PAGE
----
LANESBORO, SUSQUEHANNA COUNTY (WBRE/WYOU-TV) — Built more than a decade before the Civil War, it is said to be the oldest stone railroad bridge in Pennsylvania still in use. By all definitions it is massive, but still is somewhat hidden in rural Susquehanna County.
“The [Starrucca] viaduct was the eighth wonder of the world,” said Nancy Mess, a Lanesboro area historian.
Mess’ family roots in Lanesboro go back generations before the pre-civil war stone marvel was built by the Erie Railroad.
“I mean they adored it. They appreciated it, they had a fondness for it and it is still there,” Mess said.
“The Starrucca Viaduct, very famous bridge built in 1847-48 in Susquehanna County, Pennsylvania. Built by the Erie Railroad as a shortcut to Buffalo, New York,” said Betty Smith, curator for Susquehanna County Historical Society.
The historical society has thorough documentation, photos and history of the construction as compiled by the late William S. Young.
Retired farmer Ray Barnes lives in the shadow of the stone arch viaduct and marvels at the construction by some 800 laborers, led by Julius W. Adams and James P. Kirkwood, beginning in 1847.
“If you walk in the woods like this time of the year especially, you can see where the quarries where, a lot of them, where they took the stone out. It speaks highly of their engineering. I mean it is sitting on pylon lusters — and their wood — and yet they’re still holding for all these years,” Barnes said.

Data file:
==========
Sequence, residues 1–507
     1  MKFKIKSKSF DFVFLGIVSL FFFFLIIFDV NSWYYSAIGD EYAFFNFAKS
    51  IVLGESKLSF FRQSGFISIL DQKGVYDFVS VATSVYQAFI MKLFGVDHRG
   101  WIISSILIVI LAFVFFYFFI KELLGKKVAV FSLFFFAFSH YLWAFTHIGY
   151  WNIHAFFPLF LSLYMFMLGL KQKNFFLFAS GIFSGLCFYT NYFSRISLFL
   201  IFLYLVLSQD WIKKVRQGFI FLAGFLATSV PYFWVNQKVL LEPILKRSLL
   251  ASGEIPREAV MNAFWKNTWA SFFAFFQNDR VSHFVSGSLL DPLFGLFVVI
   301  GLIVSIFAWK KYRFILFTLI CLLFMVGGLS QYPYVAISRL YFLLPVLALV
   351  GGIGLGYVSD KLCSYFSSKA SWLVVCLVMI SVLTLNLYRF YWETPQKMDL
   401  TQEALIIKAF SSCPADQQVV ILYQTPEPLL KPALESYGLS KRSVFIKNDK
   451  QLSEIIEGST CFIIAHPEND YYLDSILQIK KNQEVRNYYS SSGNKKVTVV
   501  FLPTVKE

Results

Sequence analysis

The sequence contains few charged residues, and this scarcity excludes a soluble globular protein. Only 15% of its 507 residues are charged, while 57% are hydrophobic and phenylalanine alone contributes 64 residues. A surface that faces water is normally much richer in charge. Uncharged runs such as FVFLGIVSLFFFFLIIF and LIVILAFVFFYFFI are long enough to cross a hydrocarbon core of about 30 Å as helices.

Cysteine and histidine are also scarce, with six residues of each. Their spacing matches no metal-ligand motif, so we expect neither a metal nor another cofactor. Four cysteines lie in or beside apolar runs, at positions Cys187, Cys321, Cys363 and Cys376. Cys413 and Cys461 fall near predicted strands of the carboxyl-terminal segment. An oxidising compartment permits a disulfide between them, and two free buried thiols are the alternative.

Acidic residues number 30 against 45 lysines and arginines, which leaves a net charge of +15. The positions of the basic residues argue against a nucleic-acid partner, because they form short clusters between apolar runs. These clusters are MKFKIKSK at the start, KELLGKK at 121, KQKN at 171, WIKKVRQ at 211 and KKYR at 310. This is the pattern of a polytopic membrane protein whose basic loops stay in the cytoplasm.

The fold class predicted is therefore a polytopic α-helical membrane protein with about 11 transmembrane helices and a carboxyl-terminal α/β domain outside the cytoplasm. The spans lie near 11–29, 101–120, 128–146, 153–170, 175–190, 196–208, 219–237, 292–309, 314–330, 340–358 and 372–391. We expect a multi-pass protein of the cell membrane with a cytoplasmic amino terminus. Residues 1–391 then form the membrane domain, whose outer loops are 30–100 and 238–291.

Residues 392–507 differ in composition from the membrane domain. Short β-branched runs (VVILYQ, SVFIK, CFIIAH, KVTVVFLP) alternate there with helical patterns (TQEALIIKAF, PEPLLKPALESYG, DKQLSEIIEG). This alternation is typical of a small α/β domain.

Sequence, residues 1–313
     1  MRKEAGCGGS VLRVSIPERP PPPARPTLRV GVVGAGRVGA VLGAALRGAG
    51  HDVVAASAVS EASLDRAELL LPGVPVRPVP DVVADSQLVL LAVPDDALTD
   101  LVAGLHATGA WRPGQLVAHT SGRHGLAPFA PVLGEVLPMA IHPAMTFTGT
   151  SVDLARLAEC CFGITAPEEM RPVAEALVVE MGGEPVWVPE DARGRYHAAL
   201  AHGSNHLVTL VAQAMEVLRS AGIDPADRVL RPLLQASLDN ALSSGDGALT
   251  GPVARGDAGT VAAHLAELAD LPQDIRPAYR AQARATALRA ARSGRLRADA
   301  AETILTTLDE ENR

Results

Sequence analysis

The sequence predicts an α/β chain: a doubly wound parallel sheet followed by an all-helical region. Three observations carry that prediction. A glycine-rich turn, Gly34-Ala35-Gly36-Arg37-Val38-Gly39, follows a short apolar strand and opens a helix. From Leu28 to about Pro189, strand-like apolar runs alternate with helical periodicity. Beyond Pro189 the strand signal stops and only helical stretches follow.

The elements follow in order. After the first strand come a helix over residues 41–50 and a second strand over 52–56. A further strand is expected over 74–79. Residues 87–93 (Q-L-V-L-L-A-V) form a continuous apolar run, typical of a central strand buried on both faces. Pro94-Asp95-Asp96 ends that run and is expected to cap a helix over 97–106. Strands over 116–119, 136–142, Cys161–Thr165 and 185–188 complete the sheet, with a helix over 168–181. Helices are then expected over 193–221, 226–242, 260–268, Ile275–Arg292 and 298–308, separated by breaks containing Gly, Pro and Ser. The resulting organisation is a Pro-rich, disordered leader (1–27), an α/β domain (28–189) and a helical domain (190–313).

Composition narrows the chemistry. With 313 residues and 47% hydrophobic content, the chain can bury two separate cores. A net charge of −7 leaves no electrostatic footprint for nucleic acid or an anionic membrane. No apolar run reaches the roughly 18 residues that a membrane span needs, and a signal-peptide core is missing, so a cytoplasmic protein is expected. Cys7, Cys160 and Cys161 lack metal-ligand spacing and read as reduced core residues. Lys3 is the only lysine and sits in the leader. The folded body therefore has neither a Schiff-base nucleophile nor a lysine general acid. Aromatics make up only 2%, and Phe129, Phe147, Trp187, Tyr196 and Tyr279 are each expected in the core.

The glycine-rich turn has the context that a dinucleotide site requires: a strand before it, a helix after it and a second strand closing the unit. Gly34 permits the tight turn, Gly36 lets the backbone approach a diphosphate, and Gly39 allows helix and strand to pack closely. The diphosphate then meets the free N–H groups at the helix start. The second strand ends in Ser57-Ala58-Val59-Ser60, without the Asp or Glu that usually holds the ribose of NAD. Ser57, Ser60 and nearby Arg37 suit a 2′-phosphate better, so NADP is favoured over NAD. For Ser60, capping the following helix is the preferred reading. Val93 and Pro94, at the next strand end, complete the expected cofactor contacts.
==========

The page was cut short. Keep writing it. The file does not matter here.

“It is easy to get to, and you don’t expect it, when all of a sudden you are facing it. And it is just wonderful,” said Smith.
“There are quite a few people who come around and take pictures. And some ask to go on back, we own this land down back, and they go down there to get pictures of it, so on and so forth,” Barnes said.
From 18th century landscape artist Jasper Francis Cropsey to modern day drone video from “Access Aerial” — the Starrucca Viaduct has been captured in thousands of images but must be seen in person to experience the grandeur.
“When we show people the paintings, we do recommend that they go over to see the viaduct,” Smith said.
Northfolk Southern owns the rail line, which is maintained by the New York, Susquehanna, and Western Railway. Area historians are hoping the upcoming 175th anniversary in 2023, will be embraced by the railroads.
“It’s a quarter mile long. It’s a hundred feet tall. My function was to raise awareness that this significant anniversary was on the horizon,” said Mess.
“It’s just it’s natural beauty,” Smith said.